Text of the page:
As a first-year student, I wrote a column entitled, "Professionalism comes at cost of personal expression, freedom," in which I discussed an identity crisis I was grappling with at the time — one that I still wrestle with to this day. At the time, I was a student at Rutgers Business School considering a major in marketing, supply chain management or finance accompanied by an English major.
Well, a lot has changed since then. For the upcoming fall semester, I will be a student in the School of Arts and Sciences with solely an English major and a minor in business administration. But I still struggle with the dichotomy between upholding professionalism and preserving my creative expression.
I still worry about a future employer judging me based on visible tattoos or piercings I may choose to get or controversial articles that they may find online under my name. In my original column, I concluded that it is unfair that traditional standards of professionalism seem to suppress key aspects of creative freedom.
In this particular piece, I want to focus on the role of piercings and tattoos in affecting workplace first impressions and what a possible solution could look like. Even though people will argue that "times are changing" and certain companies are more accepting of tattoos and piercings, there is still a long-held stigma toward both forms of body art.
Seventy percent of people still feel that visible tattoos are unprofessional and could hurt someone's job prospects. Furthermore, a CareerBuilder survey found that 37 percent of employers said they would be less likely to promote a candidate with a body piercing.
This could be due to a few different factors. Some workplace environments are physically dangerous, such as construction sites, and piercings could present safety risks. Some industries do not allow visible tattoos across the board, including many airlines.
But some factors are rooted in clear societal stigma, and this kind of judgment can manifest itself in strict dress codes, likely due to customer-facing roles such as sales representatives.
Now, why is this problematic? For one, logically, it makes no sense to judge someone based on body art. Piercings and tattoos say nothing about a person's intellect, work ethic, specialized skills and ultimately how well they can do their job.
Not only do I think it is ethically wrong for a company to discriminate against someone based on their body art, but it is also a detrimental mistake on the company's side. Companies are actively turning away talent by dismissing someone or overlooking their talent because they have a visible piercing or tattoo.
Additionally, studies show that companies benefit from fostering a diverse workplace in perspective and background, and someone who expresses themselves creatively through body art could be a valuable asset to this kind of inclusivity.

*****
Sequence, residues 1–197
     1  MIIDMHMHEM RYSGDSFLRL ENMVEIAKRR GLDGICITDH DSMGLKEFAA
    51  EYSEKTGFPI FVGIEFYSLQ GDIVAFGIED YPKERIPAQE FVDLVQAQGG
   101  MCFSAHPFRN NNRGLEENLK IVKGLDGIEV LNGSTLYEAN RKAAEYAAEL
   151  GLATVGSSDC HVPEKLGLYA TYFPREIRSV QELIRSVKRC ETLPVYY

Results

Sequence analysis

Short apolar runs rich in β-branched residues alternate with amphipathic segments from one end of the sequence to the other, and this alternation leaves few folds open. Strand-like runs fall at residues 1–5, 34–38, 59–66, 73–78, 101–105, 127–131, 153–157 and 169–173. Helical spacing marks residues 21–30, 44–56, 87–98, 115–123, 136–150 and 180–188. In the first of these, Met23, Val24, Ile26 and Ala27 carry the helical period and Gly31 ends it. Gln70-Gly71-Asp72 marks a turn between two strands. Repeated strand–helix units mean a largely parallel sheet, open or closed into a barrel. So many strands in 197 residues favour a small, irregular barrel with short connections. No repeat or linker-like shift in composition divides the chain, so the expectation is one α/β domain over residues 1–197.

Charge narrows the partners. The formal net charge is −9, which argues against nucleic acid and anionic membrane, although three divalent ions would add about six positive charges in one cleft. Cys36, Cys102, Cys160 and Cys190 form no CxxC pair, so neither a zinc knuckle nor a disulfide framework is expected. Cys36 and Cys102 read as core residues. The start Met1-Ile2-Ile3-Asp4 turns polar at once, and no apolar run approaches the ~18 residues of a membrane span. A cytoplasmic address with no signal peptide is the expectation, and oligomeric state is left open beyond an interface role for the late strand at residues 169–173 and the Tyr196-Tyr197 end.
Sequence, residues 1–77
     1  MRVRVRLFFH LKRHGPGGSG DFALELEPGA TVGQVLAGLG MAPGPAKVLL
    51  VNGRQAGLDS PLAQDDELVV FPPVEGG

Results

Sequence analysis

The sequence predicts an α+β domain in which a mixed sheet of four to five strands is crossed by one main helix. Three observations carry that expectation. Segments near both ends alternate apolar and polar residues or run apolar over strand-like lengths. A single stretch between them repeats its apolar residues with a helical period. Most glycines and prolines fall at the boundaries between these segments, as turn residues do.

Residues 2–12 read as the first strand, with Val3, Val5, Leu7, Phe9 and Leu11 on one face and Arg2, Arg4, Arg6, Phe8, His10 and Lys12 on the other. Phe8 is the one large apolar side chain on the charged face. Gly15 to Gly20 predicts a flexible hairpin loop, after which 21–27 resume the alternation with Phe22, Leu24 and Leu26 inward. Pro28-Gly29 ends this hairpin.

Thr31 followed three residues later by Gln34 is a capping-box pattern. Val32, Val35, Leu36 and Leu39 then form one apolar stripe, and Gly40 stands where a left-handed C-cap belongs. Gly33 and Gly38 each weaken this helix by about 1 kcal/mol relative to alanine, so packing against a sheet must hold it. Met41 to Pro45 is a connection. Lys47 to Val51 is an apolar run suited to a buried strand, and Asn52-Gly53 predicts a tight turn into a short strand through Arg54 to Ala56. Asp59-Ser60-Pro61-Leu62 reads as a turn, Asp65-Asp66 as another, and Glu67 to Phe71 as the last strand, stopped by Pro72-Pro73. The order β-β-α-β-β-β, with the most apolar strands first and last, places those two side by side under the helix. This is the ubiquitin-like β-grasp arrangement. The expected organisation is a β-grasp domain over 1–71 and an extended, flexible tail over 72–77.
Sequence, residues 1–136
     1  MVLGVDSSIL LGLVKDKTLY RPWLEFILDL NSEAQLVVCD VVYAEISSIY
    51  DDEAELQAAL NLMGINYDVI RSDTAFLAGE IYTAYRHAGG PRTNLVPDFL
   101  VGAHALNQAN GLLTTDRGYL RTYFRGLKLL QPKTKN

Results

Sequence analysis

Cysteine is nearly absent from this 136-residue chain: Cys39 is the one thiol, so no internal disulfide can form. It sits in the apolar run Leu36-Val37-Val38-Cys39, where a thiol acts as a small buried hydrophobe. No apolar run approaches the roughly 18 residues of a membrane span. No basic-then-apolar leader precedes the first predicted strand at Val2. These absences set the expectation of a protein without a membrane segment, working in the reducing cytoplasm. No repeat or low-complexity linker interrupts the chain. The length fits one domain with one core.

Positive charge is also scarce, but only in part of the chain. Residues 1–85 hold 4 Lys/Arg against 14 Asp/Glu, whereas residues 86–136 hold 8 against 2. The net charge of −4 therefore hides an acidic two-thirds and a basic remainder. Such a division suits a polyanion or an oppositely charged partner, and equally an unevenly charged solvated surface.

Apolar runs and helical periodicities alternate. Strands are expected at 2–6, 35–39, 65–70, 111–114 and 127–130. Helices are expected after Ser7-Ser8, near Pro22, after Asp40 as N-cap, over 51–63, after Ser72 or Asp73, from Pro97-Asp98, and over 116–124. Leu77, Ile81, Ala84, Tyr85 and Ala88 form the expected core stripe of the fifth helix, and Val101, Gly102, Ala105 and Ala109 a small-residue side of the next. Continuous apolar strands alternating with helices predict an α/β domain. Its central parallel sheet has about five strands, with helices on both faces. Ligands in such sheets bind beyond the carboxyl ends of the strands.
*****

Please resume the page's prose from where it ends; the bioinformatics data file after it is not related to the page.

People may argue that it is a company's loss to prohibit visible piercings and tattoos, but I do not think we should remain complacent with this mindset.
I think all employers need to get with the times, and as humans, I think we have a duty to constantly reflect upon ourselves, our perspectives and why we believe what we do. As a society, it is a disservice to not only ourselves but also those around us when we do not actively engage in this kind of continuous reflection, especially if someone is in a position of power.
If an employer thinks that a visible piercing or tattoo could be distracting, or worse, trashy, they need to ask themselves why they think this way. Why do you think body art is so distracting or trashy? You may think that a tattoo or piercing says more about the person wearing them, but in reality, your perception of them reveals something about you.
We should be more concerned with people feeling comfortable enough to be authentic. Instead of cringing at the number of tattoos someone has, people should be more accepting of them, indifferent to them, or better yet, curious about them.
I am currently interning at a company this summer and have seen many people at work have piercings and tattoos, which has given me hope. There are companies out there that are accepting, and it has made me more comfortable with expressing myself through body art.
Due to the widespread statistics, I still fear being judged for any visible piercings or tattoos, which I think is a silly fear to have at this point. A job candidate should be evaluated based on skill and qualifications, not appearance.
Sure, someone should not wear a T-shirt to a job interview, but someone should not feel that they do not have the liberty to obtain body art. But what is the solution?
Companies need to create dress code policies that do not prohibit personal creative expression, such as piercings and tattoos. Though it is fine to uphold standards such as formal dress wear, dress code policies should not infringe upon someone's personal liberty regarding body art.
It should not be on individuals to seek out a select number of accepting companies when all companies have the ability to contribute to a more accepting environment that encourages people to show up as themselves.
Sara Eschleman is the opinions editor of The Daily Targum.
*Columns, cartoons and letters do not necessarily reflect the views of the Targum Publishing Company or its staff.
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